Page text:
The People is to axe a sports reporter from its staff, among six job cuts announced which will see the Trinity Mirror-owned Sunday title operate without any staff photographers.
Elsewhere, it is being reported that as many 200 staff may be affected by job cuts at News International, publishers of The Sun, The Times, News of the World and Sunday Times.
The job cuts at the People are the latest in a series of cuts at Trinity Mirror titles. According to the latest available ABC figures, the People averaged a circulation of 592,306 in December, a year-on-year circulation decline of nearly 13 per cent.
It seems likely that all six departures will be voluntary redundancies, negotiated with the British Association of Journalists. As well as a sports reporting job, other posts will be lost from the news desk and from production and admin staff.
The two redundancies from the pictures department will leave the People with no staff photographers.
“The paper is not exempt from the wider, challenging economic climate,” Trinity Mirror said. “In light of this we have to improve the efficiency of the title to ensure it remains as competitive as possible.”
Over at Wapping, the job cuts expected to be announced in the next two weeks follow a set of recommendations from the Boston Consulting Group – recently announced as sponsors of the 2012 London Olympics. The cut-backs are expected to see further “integration” between online and newspaper subbing desks.
The Sunday Times recently cut its freelancers’ day rate for football match reports from Â£120 to Â£110 – the same rate that was being paid 20 years ago – and further cuts in payment rates to agencies are expected.
This has prompted the National Association of Press Agencies to call an emergency meeting of its members to discuss the proposed reduction in the rates. “We need to be paid economic rates in order to continue a flow of entertaining news, pictures and features and the cost of supply has been going up, not down,” said NAPA treasurer, Chris Johnson.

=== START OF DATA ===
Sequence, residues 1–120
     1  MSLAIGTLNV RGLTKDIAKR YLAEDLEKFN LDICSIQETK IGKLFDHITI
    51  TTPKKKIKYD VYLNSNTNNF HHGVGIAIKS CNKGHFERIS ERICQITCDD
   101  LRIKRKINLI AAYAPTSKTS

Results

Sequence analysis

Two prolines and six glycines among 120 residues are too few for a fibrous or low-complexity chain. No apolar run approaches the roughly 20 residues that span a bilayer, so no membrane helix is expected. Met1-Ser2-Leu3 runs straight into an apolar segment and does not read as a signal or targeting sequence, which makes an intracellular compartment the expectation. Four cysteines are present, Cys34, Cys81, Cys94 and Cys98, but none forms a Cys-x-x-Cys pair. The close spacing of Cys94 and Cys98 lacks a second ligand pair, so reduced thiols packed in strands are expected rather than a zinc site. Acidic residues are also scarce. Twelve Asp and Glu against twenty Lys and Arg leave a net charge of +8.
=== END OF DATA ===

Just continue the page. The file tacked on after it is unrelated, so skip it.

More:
According to a report on MediaGuardian.co.uk, overall the cuts could affect as many as 10 per cent of NI journalists.
The report quotes sources close to the plan that the loss-making Times could bear the brunt of the cuts, while the more profitable Sun will see more protection.
In November, News Corporation reported a 30 per cent drop in profits for the three months to the end of September, leading the chairman and chief executive, Rupert Murdoch, to warn of more cost cutting to come.
â–¡ In Glasgow, where before Christmas all 250 staff at the Herald, Sunday Herald and Evening News were told to re-apply for just 210 jobs – mostly on reduced terms – the redundancy process is back on today.
Management had suspended negotiations earlier this month, even though it had 40 volunteers to accept terms, because of a dispute with the NUJ when they refused to relinquish legal rights.
But it is being reported today that the Herald Group management is insisting that anyone taking redundancy will sign an amended agreement.
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